There are always events to report when it comes to the world of NASCAR. Most of those events are crashes, or fires, or something that has the whole world stopping and staring at their screens just hoping that the man inside will be just fine. However, at Darlington over the weekend, there was a different type of ‘scuffle’ that erupted on the track. In fact, it looked way more like a boxing match or a football scuffle than having anything to do with cars.
We take you to pit road, where the No. 39 Stewart-Haas Racing crew actually hauled off and charged the No. 51 Phoenix Racing crew. No, I’m not kidding. It was actually freaking hysterical. In fact, if these men had the ability to sing and dance it would have made a great new version of West Side Story.
On Saturday night, following the NASCAR Sprint Cup Southern 500 at Darlington Raceway, the scuffle broke out. It was a super humid evening and the race was filled – as always – with minor nicks and scrapes. But it would be when Kurt Busch found his No. 51 Chevrolet running into the wall while being immersed in the top 15 drivers that the fireworks began. The wall caused a cut to his front tire, and it came from the fact that Ryan Newman had to check up to avoid coming in contact with Aric Almirola in Turn 2.
But it wasn’t the actual butt into the wall that made life difficult for the hardworking crews. It was when Busch came to pit road for repairs to his tire and then proceeded to exit through the No. 39 stall, which – in all fairness – was next to his pit. The crews grew seriously angry.
It was Busch’s crew chief, Nick Harrison, who explained that: “We came in to do a little damage repair and the 39 guys were mad because Kurt blew out of our pit stall. There was nothin’ I could do at that point. We were just trying to get to the end of the race.”
Randy Newman’s crew chief, Tony Gibson, said he had absolutely nothing against Busch or the Phoenix Racing crew, but his people were forced to “jump out of the way” to avoid being hit. Gibson made a point to say that: “When you come ripping through someone’s pit box like that, he could have taken out five or six guys plus the officials pretty easy. It’s a miracle someone didn’t get hurt.”
An over-exaggeration? Hmmm, perhaps. But he also took it one step further by saying: “The guys were out on pit road working when Busch did his burn out. We had just finished our stop. It was kind of uncalled for to come ripping through our pits like that when you could have run everybody over. His emotions were high and hot and our guys were scared, hot and mad.”
Oh yeah they were. We are talking a whole lot of men who literally looked like they were in a roadhouse bar brawl that got out of control…and fast. Both teams sat and spoke to NASCAR, and it seems that NASCAR will be handling the situation from here on out.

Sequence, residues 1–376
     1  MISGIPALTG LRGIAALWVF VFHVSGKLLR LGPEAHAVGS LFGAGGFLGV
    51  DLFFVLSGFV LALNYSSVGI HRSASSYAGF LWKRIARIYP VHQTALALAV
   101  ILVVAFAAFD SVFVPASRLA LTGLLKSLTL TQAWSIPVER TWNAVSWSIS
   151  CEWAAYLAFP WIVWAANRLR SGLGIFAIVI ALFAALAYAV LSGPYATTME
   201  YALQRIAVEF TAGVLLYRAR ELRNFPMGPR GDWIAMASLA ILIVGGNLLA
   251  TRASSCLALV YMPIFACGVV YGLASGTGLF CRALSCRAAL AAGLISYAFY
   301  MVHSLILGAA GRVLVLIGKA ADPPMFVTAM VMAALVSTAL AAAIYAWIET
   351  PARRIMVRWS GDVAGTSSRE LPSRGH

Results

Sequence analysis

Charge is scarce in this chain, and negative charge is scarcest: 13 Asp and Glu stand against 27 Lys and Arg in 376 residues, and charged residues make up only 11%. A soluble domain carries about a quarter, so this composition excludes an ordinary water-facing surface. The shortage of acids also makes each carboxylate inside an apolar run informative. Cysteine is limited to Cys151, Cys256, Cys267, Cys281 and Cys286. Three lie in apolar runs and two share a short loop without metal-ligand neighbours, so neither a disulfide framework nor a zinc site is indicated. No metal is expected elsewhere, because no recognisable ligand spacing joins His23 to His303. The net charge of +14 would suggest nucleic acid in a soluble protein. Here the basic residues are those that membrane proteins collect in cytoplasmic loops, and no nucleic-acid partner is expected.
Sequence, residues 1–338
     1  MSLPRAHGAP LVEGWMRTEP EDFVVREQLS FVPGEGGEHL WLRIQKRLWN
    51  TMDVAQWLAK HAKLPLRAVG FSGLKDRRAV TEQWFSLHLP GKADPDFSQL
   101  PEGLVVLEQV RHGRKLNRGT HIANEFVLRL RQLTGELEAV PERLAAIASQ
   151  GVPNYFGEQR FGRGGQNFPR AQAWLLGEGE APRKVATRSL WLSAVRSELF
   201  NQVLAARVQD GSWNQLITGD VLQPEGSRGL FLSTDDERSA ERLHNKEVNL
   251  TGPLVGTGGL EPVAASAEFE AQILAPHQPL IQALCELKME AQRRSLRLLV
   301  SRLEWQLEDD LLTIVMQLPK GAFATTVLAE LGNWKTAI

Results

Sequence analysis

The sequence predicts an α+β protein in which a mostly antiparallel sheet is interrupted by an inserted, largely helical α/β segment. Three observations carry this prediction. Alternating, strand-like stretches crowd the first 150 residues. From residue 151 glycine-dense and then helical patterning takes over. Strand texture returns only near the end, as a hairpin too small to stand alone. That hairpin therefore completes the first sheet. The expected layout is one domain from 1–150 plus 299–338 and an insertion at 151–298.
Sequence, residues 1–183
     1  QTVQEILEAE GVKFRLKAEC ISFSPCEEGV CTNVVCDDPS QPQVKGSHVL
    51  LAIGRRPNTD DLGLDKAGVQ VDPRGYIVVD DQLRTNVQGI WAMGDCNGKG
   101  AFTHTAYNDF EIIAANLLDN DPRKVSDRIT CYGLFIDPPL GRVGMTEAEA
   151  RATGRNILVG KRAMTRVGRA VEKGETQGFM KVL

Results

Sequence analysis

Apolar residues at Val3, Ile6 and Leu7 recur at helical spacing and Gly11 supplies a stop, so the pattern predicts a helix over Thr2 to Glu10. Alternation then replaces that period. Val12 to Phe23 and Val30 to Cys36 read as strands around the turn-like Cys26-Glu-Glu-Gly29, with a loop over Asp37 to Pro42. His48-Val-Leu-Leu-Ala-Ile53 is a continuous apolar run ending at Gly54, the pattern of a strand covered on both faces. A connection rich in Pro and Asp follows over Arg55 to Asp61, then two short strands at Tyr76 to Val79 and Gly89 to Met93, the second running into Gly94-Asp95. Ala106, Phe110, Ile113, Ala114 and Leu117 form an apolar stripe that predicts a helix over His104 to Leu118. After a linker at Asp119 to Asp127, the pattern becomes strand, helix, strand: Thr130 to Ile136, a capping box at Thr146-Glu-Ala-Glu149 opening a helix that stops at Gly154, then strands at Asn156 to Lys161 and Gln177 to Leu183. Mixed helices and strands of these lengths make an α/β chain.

Gibson said his crew was told to just “keep their cool, stay focused and go on.”
The Busch statements were a little more vague. After the race, the Phoenix Racing crew was asking for Busch’s locale at the track. After Busch and Newman found each other on pit road, after the No. 51 ran into the back of the No. 39 Chevrolet – it was the No. 39 team’s gasman, Andy Rueger, that first charged the Phoenix Racing team causing a NASCAR official to be knocked down in the process.
“Their gasman (Rueger), a big boy that used to be at Brewco, came in there wanting to fight Kurt, raising hell. It was hard racing. We had a great run tonight, ran up front a lot. We just didn’t get the finish we were looking for. Kurt was a little frustrated and spun off the pit road. I guess he was a little close to some of the pit road guys, but that’s between them and Kurt. As far as on the track racing, I don’t think there’s any hard feelings with the 39 and us. But they came down there with a bunch of drama. It’s just part of racing. I think that’s great for the sport. If they want to come down and fight, so be it.”
See that? Another like me who loves the ‘agony of defeat’ part. Let’s face it, guys – without the scuffles racing is just a bunch of cars going around in a circle…boring!
NASCAR vice president of competition Robin Pemberton said, the sanctioning body had yet to speak to Busch and was taking the incident under review. Despite speculation that Busch had jeopardized his position with the Phoenix Racing team because of his ill-timed burnout, James Finch, the owner, said that wasn’t the case. And Harrison said that the whole team remained committed to its driver.
In the end, neither one was at the top of the heap. In fact, Busch and Newman finished 21st and 23rd, respectively.
Now, this scuffle – although fun to watch – thankfully was more like something you would expect in the humid air filled with pent-up emotions. To me, the worst still occurred in the lead up to the Kobalt Tools 400 at the Las Vegas Motor Speedway when Robbie Gordon and Kevin Conway got into it.
It was on a Friday night when Robby Gordon supposedly “ambushed” Conway in the garage area at the Las Vegas Motor Speedway (said to have been completely unprovoked.) Gordon had previously confronted Joe Nemechek, Gordon’s car owner on pit road during Cup series qualifying, by shoving him and warning him that he was looking for Gordon and would assault him.
According to Conway’s statements, there were many witnesses, including a crew chief that signed a police report documenting the physical attack on Conway.
So, although I am a lover of scuffles, I am most definitely not a proponent of moronic ‘bullies’ who seem to want to test the theory that their…talent is longer than the other guy’s. Really, that is just so high school.
I say, keep NASCAR as clean as possible BUT – a little West Side Story on a hot May night never hurt anybody!
Until Next Time, Everybody,
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